birds descend from the darkening sky as rain slips across
the redrock cliff. Strong winds stir a thick porridge of dust
and debris that chokes the valley. Trees sway like festivarians
to the windy rhythm, and thick, cold drops of rain pound the
pavement with a staccato beat. The flock of birds finds shelter
amongst the tree’s thick branches, waiting out the weather.
These fronts sweep across the landscape here, punctuating
weeks of pleasant temperatures with short-lived winds and
rain. Nice weather if you’re a duck, but for the thirty
or so turkey vultures perched in the large cottonwoods, these
storms can raise hell with your migration schedule.
Ranging from the tip of Cape Horn to Canada, vultures are
migratory in these parts. They do not stick around during
the winter, but choose to head south. Though they occur in
summer, a handful of nesting records for southeastern Utah
exist. Though vultures are known to fly through inclement
weather, these birds decide to layover and take in the sights.
Or smells, as may be the case.
Related to hawks and eagles, vultures share a common trait
of excellent vision with their predatory relatives. Some ornithologists
group New World vultures with storks and flamingos, because
their weak feet are used more for perching than for grasping
prey. Where the vulture diverges from their hooked-beak cousins,
is in their ability to locate prey by smell.
To a vulture, there is nothing finer than the aroma of a rotting
carcass. Their genus name, Carthartes, means “cleanser”,
a reflection upon their behavioral trait of never passing
up a good meal of road kill. Of course, these birds descend
en masse to a banquet of deer or elk; often their communal
soaring is a signal to others, like ravens, eagles and coyotes,
to join in on the banquet. This trait encouraged the Cherokee
Nation to call these birds “Peace Eagles.”
Often maligned for consuming putrid flesh, where would we
be without these scavengers? The carcasses would be piling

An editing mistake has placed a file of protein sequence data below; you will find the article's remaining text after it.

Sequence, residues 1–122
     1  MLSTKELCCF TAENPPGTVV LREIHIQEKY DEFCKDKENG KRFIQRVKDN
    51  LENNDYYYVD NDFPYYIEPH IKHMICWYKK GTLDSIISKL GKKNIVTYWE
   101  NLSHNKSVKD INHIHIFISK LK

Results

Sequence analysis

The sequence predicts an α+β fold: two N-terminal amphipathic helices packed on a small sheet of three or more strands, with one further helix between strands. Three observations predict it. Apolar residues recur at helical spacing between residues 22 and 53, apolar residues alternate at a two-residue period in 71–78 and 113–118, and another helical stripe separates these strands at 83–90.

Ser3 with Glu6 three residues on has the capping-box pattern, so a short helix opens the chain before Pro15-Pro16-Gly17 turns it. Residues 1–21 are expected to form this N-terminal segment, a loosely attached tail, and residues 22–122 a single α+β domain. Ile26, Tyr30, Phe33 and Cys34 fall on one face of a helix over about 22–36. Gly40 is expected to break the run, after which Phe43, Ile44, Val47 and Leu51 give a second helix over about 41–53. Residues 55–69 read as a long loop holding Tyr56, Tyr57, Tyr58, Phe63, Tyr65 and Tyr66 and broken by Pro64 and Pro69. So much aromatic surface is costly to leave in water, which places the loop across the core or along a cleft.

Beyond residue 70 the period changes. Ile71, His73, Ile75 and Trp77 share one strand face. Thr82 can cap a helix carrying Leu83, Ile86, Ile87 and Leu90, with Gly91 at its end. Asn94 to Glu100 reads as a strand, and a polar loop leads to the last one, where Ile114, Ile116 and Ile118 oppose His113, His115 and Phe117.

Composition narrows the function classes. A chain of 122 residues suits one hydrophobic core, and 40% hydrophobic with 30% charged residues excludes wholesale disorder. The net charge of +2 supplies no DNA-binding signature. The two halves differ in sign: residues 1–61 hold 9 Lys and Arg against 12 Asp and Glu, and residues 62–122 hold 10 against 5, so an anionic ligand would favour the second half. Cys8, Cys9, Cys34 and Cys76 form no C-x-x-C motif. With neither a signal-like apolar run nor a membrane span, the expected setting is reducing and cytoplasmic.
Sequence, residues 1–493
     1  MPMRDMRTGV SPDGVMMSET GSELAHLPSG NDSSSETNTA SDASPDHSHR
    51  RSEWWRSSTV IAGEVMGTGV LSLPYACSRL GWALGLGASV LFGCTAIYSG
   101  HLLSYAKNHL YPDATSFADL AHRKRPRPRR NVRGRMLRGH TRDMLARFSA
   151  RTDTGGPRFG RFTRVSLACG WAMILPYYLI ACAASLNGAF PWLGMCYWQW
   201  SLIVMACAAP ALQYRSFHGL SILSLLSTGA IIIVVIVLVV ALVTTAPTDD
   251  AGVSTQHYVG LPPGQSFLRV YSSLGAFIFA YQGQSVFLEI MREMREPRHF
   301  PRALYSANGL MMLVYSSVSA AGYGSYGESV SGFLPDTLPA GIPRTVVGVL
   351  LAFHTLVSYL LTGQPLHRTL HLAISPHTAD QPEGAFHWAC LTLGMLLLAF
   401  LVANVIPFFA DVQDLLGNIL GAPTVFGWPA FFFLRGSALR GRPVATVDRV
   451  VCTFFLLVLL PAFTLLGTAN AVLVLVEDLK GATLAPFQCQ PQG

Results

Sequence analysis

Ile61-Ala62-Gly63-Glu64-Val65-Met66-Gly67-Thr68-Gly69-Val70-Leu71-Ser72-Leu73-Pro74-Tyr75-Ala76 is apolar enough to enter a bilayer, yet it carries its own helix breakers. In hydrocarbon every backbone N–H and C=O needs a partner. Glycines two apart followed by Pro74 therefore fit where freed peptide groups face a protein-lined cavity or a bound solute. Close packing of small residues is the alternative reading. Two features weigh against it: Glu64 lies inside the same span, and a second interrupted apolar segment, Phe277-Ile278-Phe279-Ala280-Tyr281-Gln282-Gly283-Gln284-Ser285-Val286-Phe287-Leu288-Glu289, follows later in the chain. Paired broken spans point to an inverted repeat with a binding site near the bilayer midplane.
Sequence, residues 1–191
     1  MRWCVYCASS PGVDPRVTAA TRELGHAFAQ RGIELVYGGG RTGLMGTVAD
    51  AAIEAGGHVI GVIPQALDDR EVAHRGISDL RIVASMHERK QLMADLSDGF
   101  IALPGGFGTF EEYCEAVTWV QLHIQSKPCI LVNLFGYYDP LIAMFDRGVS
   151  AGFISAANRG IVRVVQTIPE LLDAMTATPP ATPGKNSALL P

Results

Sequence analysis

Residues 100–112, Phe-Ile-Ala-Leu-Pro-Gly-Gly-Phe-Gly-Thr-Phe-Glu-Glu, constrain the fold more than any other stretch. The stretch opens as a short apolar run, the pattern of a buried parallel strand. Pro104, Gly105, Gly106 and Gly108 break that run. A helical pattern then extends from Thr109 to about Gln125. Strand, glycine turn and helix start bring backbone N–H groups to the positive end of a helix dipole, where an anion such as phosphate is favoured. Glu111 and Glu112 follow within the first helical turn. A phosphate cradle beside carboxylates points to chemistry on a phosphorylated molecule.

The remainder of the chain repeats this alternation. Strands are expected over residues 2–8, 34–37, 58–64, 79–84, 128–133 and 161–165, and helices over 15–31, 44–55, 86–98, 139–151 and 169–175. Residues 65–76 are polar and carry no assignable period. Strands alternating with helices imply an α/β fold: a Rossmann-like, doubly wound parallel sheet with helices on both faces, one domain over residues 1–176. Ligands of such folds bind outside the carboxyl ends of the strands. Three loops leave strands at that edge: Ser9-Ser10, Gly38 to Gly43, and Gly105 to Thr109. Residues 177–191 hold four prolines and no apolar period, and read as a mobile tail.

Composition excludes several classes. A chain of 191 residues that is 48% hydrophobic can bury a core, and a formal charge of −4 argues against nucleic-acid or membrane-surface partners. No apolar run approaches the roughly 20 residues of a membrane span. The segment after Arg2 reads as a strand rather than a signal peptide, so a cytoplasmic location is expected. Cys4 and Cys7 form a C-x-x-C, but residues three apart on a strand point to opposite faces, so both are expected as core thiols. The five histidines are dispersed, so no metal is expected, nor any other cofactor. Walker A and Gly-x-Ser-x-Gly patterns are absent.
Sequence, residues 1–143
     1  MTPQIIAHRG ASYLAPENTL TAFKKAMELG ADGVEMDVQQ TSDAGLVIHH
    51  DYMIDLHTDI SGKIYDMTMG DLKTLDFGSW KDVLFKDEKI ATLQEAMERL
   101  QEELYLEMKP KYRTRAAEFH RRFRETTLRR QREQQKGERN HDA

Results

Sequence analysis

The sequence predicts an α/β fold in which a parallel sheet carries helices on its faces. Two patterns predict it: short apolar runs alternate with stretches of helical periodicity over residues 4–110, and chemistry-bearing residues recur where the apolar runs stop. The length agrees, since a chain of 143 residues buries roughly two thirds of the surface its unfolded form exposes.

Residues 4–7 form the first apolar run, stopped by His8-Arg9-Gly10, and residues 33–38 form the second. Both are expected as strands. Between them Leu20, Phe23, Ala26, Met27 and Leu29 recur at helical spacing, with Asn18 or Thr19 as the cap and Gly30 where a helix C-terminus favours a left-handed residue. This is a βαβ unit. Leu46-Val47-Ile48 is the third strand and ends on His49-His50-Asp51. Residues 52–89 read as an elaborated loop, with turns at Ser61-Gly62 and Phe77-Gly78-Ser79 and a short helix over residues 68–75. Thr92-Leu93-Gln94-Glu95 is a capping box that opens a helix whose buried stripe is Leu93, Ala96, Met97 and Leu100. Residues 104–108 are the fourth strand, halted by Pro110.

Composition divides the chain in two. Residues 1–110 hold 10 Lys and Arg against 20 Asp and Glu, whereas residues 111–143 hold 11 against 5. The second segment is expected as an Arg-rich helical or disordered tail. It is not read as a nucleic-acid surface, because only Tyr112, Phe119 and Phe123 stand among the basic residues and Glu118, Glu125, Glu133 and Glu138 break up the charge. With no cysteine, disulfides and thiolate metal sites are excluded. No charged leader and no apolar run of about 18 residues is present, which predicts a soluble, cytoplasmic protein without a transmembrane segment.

up. Carrion is not the only food that vultures eat. In a recent
study of vulture pellets, biologists found that vegetation
comprised over 50% of the vulture’s diet. With a digestive
system that can process and kill viruses and bacteria, the
vulture is the picture-perfect garbage disposal unit. Worries
about the vulture’s fecal material containing these
pathogens are unfounded.
Morning catches these bald-headed birds roosting in large
cottonwoods or along cliff ledges. Holding their wings out
to the sides, the birds absorb some vitamin D from the sun,
plus catch some warming rays. They spend a considerable amount
of time preening and bathing each day – you would too
if you spent time with your head inside of a dead deer’s
Late in the afternoon the vultures return to these roosts.
Swirling about in an aerial kettle, unlike the organized V’s
of geese skeins, their six-foot wingspans collapse as the
birds descend back into the trees.
If I was a member of The Turkey Vulture Society – don’t
laugh, such an organization exists, perhaps I would spend
more time at these roosts, plotting the positioning of each
bird. I’d get to know them as individuals, not as just
another pretty face in the crowd. Maybe one sports a leg band,
a USFWS identification, which would shed light on the bearer.
Perhaps I’d find that these birds select the same roost
on the same day each year until they are ready to resume their
I can, and do, appreciate the position these scavengers hold.
I enjoy their aerial acrobatics, their playful flights and
effortless soaring. I wish them well on their northward migration,
keeping in mind that I could always attend the 10th annual
Turkey Vulture Festival in California this September. And
you thought Utah was weird!